Steffan Meyric Hughes has an impassioned plea to know our history better, mainly because he didn’t complete this month’s column on time! (December 2015).
Know your history, advises Corran Addison in his ‘Whitewater Kayaker’s Little Book of Wisdom’. Did you know, he continues, that the cartwheel was invented by a slalom paddler as early as the 1970s? Well, you would know if you’ve been reading my column. And I only know because Corran told me in an email. So I suppose that makes me the secondary or tertiary source. Or just some bull-shitter who’s rambling in print because he hasn’t managed to deliver the article he promised the editor on the 1930s paddling legend Gino Watkins.
That was the plan, you see. There are only so many Victorian gents who paddle wooden sit-on-tops on placid rivers and lakes we can take after all, so we were going to skip six decades from John MacGregor (last month) to the first Briton to perform the Eskimo roll.
But while we’re on this subject of knowing our history, why is it that so few of us have any knowledge of our discipline? Why are there so few good books about kayaking?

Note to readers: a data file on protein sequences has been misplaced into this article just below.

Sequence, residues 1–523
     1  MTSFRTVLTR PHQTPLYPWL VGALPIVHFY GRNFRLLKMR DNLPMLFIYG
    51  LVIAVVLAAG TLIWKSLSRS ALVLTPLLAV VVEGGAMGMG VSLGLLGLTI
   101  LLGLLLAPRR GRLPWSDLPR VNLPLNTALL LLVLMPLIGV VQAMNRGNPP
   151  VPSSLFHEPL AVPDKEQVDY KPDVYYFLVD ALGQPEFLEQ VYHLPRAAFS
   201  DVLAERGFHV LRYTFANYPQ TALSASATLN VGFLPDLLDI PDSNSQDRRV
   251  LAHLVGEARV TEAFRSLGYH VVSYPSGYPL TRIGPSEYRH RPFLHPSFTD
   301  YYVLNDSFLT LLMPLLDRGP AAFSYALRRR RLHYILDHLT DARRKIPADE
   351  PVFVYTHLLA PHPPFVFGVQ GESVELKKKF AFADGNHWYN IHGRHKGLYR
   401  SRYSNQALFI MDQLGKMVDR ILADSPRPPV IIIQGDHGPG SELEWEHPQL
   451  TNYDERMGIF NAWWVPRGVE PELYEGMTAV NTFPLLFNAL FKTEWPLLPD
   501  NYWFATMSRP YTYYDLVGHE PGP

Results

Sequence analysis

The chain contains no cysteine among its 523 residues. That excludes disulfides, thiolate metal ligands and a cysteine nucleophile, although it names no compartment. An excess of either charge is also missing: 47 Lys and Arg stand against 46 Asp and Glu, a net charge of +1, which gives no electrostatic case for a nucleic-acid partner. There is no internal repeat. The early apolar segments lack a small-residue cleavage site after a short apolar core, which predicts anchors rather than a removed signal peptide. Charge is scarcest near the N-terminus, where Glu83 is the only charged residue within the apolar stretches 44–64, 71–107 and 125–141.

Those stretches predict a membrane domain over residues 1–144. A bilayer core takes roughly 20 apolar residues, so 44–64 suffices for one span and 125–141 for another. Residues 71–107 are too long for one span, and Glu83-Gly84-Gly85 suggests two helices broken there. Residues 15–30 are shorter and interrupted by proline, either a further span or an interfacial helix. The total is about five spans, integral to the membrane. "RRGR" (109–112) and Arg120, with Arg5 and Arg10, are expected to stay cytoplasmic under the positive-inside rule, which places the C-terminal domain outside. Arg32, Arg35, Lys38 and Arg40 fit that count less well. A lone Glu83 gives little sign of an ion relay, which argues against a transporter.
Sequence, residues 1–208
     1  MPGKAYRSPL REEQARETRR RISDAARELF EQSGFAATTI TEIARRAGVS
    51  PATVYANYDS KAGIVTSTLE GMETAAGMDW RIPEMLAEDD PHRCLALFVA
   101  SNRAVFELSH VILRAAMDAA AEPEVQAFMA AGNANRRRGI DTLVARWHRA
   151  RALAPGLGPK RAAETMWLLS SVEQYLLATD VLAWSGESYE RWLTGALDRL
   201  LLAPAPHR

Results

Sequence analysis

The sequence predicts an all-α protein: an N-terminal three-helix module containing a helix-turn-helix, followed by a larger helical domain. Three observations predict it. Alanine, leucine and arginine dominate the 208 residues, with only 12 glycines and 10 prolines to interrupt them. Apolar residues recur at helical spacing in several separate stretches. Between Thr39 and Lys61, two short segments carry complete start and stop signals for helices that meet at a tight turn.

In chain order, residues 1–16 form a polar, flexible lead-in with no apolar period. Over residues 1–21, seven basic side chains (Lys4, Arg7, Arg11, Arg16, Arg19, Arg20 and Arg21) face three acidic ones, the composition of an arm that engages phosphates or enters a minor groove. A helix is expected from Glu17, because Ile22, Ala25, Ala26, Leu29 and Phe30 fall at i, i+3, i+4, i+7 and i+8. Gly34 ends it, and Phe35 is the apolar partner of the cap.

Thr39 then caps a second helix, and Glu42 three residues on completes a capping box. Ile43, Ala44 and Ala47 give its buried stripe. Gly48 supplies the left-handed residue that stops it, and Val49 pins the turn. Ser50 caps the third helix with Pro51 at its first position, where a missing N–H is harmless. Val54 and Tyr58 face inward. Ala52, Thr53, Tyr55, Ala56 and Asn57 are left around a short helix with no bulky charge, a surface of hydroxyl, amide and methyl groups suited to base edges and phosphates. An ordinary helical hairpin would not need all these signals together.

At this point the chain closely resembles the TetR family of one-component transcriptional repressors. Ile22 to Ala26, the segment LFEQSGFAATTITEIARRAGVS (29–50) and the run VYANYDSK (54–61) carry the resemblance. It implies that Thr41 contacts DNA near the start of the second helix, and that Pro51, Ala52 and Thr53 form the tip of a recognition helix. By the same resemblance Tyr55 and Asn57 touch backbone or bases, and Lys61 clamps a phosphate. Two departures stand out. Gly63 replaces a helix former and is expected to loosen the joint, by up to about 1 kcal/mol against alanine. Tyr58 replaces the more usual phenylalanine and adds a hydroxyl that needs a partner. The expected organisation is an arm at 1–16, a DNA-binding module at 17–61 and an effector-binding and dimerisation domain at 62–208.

Compared to sailing, climbing, walking and fishing, which all have good bodies of literature that elevate them in the imagination and broader consciousness, kayaking has very little in the printed word, albeit with a very healthy (and increasingly so) videography. But great books cement a sport or movement more publicly in the imagination than YouTube clips ever do: just look at what Izaak Walton did for fishing with The Compleat Angler or what HD Thoreau did for outdoor living with Walden or what Herman Melville did for sailing with Moby Dick. Even Christianity – it would be nothing without the Bible. Two millennia old, book sales are still good.
More recent books have popularised and legitimised everything from camping (The Art of Camping by Matthew de Abaitua in 2011) to wild swimming (the massively successful Waterlog by Roger Deakin in 2000). They are well-written narratives, with the result that people might see these activities as equal to something like kayaking. Wild swimming, for instance, is just something that happens to us when things go wrong, and I’d bet I’ve had swims far wilder than any in Deakins’ book (much to my chagrin but to the great enjoyment of all who have witnessed them). Similarly, to consider camping as an activity in its own right is anathema to the paddler. It is just a necessary (if enjoyable) adjunct to the main course, which is paddling.